9.20.05 -- UCSD aural historian Emily Thompson has been named a 2005 MacArthur Fellow by the John D. and Catherine T. MacArthur Foundation. The Calit2 academic participant will receive $500,000 in 'no strings attached' support over the next five years.
Popularly known as a “genius” grant, the award recognizes the creativity, originality and potential of Thompson’s research in the ephemeral and elusive history of the American soundscape.
Thompson is the 14th UCSD scholar to receive a MacArthur Fellowship and the fourth so honored from the university’s Division of Arts and Humanities.
“This is outstanding news for UCSD and for our history department,” said UCSD Chancellor Marye Anne Fox. “The selection of Prof. Thompson for this award reflects the high caliber of our faculty in the Arts and Humanities Division and clearly demonstrates the innovative and interdisciplinary strengths of all of our academic programs.”
An associate professor in the UCSD department of history, Thompson, is a faculty member in the interdisciplinary Program in Science Studies and is also an affiliated researcher with the UCSD division of Calit2.
Thompson, 43, focuses on the often-overlooked subject of sound and fills an important gap in contemporary American history, reaching into domains as diverse as urban design and cinema studies. In her book, The Soundscape of Modernity, she integrates the histories of the United States, technology, science, sound production and acoustics to examine the transformation of the American soundscape from the turn of the century to the opening of Radio City Music Hall in 1933.
Asked for her reaction to the award, Thompson said, “I don’t yet know how best to take advantage of this wonderful opportunity, but I’m looking forward to figuring it out. I’ve always been interested in trying to reach readers beyond the academic audience, and the MacArthur award may help me do that.”
Thompson said she plans to continue work on her current book project, studying the 1925-33 transition from silent to sound motion pictures, focusing on “the technicians and craft laborers – the people who did all the behind-the-scenes work – to make and show pictures.”
In a recent interview, Thompson discussed how a historian can contribute to the ongoing dialogue within Calit2 and its focus on information technology and telecommunications. "We have talked about various initiatives where I might be able to contribute, such as digital cinema," said Thompson. "There are great parallels between the shift from analog to digital cinema projection and delivery, and the earlier transformation from silent movies to talkies. Who is going to pay to make theaters digital, for instance? It's not clear that movie theaters can make money off of the new technology, so they want the distributors to pay. So there are lots of interesting unresolved issues that Calit2 is involved in as we try to push this technology into the marketplace."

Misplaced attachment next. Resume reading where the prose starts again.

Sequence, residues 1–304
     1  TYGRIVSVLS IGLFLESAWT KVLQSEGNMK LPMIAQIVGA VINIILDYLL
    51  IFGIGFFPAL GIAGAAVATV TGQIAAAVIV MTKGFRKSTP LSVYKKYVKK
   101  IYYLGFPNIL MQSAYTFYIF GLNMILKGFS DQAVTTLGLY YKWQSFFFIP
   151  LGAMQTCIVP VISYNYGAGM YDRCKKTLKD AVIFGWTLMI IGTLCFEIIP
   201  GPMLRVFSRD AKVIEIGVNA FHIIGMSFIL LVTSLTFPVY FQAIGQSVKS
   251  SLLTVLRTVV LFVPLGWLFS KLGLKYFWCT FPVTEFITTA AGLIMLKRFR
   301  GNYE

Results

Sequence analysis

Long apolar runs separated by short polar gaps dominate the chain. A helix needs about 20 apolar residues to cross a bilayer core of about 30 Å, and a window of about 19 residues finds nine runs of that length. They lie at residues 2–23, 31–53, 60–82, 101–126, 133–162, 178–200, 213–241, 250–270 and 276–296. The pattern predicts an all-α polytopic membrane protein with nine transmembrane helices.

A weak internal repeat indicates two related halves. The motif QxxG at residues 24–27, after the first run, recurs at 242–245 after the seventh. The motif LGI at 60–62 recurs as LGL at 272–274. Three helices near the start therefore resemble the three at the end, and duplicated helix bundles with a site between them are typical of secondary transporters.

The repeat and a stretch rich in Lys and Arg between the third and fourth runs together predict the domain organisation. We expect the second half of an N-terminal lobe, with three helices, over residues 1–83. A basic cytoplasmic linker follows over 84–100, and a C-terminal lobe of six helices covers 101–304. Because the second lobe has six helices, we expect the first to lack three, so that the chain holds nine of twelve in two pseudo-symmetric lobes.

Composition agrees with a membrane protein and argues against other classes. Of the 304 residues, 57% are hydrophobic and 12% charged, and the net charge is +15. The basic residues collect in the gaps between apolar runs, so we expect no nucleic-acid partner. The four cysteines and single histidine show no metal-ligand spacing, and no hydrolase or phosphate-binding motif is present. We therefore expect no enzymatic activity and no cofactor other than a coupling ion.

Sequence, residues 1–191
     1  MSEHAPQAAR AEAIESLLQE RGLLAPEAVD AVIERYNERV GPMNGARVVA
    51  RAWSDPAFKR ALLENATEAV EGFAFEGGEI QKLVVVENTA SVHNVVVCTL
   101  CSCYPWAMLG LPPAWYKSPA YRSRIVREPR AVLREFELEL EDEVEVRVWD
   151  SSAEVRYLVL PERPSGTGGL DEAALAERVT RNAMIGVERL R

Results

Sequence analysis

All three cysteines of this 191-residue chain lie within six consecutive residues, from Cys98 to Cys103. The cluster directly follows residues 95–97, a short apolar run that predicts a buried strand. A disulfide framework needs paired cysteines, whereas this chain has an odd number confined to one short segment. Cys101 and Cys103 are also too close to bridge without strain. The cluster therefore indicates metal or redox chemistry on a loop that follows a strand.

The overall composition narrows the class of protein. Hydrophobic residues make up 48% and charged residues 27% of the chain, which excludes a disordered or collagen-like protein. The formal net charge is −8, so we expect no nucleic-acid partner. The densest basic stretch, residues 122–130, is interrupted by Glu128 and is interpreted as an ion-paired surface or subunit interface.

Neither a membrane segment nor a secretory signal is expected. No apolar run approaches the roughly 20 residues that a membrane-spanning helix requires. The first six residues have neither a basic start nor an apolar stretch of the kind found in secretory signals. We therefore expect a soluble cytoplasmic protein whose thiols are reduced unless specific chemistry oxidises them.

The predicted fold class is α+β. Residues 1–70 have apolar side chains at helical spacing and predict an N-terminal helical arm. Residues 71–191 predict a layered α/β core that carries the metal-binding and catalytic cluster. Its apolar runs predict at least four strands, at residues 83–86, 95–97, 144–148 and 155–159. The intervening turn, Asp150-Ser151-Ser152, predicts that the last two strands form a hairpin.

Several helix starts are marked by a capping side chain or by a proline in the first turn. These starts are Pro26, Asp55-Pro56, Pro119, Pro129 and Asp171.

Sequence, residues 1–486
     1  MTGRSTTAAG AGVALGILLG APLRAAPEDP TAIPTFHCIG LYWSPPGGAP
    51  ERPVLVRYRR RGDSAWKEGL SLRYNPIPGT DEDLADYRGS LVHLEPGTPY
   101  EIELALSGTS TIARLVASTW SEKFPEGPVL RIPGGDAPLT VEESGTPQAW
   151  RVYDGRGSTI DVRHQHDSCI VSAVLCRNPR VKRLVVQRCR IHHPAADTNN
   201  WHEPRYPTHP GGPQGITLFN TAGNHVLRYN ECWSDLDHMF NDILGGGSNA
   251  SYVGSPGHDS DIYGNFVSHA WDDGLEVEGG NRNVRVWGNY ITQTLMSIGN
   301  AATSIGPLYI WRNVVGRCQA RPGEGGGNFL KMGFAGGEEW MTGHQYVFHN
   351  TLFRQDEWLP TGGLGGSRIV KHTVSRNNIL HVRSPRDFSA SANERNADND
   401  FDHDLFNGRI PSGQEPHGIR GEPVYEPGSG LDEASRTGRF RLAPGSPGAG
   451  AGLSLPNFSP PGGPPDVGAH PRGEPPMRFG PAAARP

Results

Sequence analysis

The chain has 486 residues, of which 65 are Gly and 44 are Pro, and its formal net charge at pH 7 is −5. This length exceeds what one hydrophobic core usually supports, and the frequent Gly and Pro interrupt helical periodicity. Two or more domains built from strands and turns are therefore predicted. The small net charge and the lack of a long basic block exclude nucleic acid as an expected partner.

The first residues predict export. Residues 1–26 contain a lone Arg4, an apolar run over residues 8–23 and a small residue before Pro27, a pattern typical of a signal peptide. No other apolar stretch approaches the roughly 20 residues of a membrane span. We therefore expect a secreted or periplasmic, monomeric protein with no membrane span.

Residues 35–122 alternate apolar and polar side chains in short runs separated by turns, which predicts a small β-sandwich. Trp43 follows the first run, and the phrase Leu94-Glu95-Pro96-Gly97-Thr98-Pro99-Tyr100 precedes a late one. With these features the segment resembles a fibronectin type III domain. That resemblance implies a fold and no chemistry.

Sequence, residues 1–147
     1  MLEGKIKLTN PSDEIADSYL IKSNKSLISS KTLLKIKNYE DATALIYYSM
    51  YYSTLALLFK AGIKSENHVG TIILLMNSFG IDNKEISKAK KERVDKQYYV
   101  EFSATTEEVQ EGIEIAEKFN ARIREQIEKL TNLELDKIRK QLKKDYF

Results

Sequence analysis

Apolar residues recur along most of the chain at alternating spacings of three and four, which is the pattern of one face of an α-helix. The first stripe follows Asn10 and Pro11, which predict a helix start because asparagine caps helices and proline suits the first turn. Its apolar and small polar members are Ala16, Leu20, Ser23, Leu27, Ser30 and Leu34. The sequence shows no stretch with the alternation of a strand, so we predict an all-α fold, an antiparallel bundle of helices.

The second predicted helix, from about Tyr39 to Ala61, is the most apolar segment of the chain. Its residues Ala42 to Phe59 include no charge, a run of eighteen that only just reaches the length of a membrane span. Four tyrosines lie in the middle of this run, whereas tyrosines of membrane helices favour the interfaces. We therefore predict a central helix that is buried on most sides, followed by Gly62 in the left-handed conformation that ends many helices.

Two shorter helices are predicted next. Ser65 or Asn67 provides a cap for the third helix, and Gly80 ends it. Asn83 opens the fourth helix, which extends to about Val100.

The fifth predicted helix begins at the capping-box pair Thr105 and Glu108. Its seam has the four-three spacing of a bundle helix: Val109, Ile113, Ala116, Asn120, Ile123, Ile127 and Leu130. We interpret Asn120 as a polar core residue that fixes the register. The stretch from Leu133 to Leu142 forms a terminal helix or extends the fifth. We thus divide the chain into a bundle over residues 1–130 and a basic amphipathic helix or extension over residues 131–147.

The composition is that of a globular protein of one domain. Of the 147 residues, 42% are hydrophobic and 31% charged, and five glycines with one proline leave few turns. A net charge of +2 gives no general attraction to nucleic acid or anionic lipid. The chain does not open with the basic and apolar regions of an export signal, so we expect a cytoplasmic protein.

Thompson also intends to organize a conference for Calit2 on sound and sound technologies. "In the past five years or so this has become an exciting field of scholarly research, not just for historians, but also for anthropologists, musicologists, people in literature and so on," she said. "They are suddenly thinking about the 'sound world' past and present. I think Calit2 can bring together all the different people who are working in sound media and get a dialogue going among the technicians and engineers and the users of the technology, together with scholars who have critical insights about sound."
"Professor Thompson is one of the foremost experts on the history of sound technology," said Ramesh Rao, UCSD Division director of Calit2. "We look forward to collaborating with her in the context of our New Media Arts initiatives, and we expect that she will bring her knowledge of earlier technological disruptions to bear on Calit2's research and policy agenda."
Thompson would also like to write articles aimed at a general audience: one, about a fire on a Manhattan soundstage in 1929 where 10 people died; and the other on a group of phonograph collectors, called the Vitaphone Project, that specializes in collecting and preserving the soundtrack discs that accompanied early short films on Vaudeville performers. (Another possible use of the grant monies, Thompson said, may be to underwrite one of the Vitaphone restorations.)
In research to date, Thompson has organized her work around developments in twentieth-century architecture, such as new concert halls and new building materials, and explored innovations in the science of acoustics, the emergence of excessive noise, and the efforts of scientists and designers to create new spaces and a new, “modern” sound. Her interests have centered around changes in acoustic design as reflections of larger cultural and social shifts in American life in the early 1900s.
Michael Bernstein, dean of the UCSD Division of Arts and Humanities and history department colleague of Thompson’s said, “This award is recognition of the excellence of Emily’s work in an innovative field, the history of sound technology, and it gives vivid testimony to the unique strengths of our Science Studies program, a major interdisciplinary effort on our campus which integrates faculty from virtually all parts of the university.”
Thompson joined UCSD in February of 2005 after two years at MIT, including one year as a senior fellow in the Dibner Institute for History of Science and Technology. She has held teaching positions at Rensselaer Polytechnic Institute, Iowa State University and the University of Pennsylvania.
Thompson received a B.S. in physics (1984) from the Rochester Institute of Technology and a Ph.D. in history (1992) from Princeton University.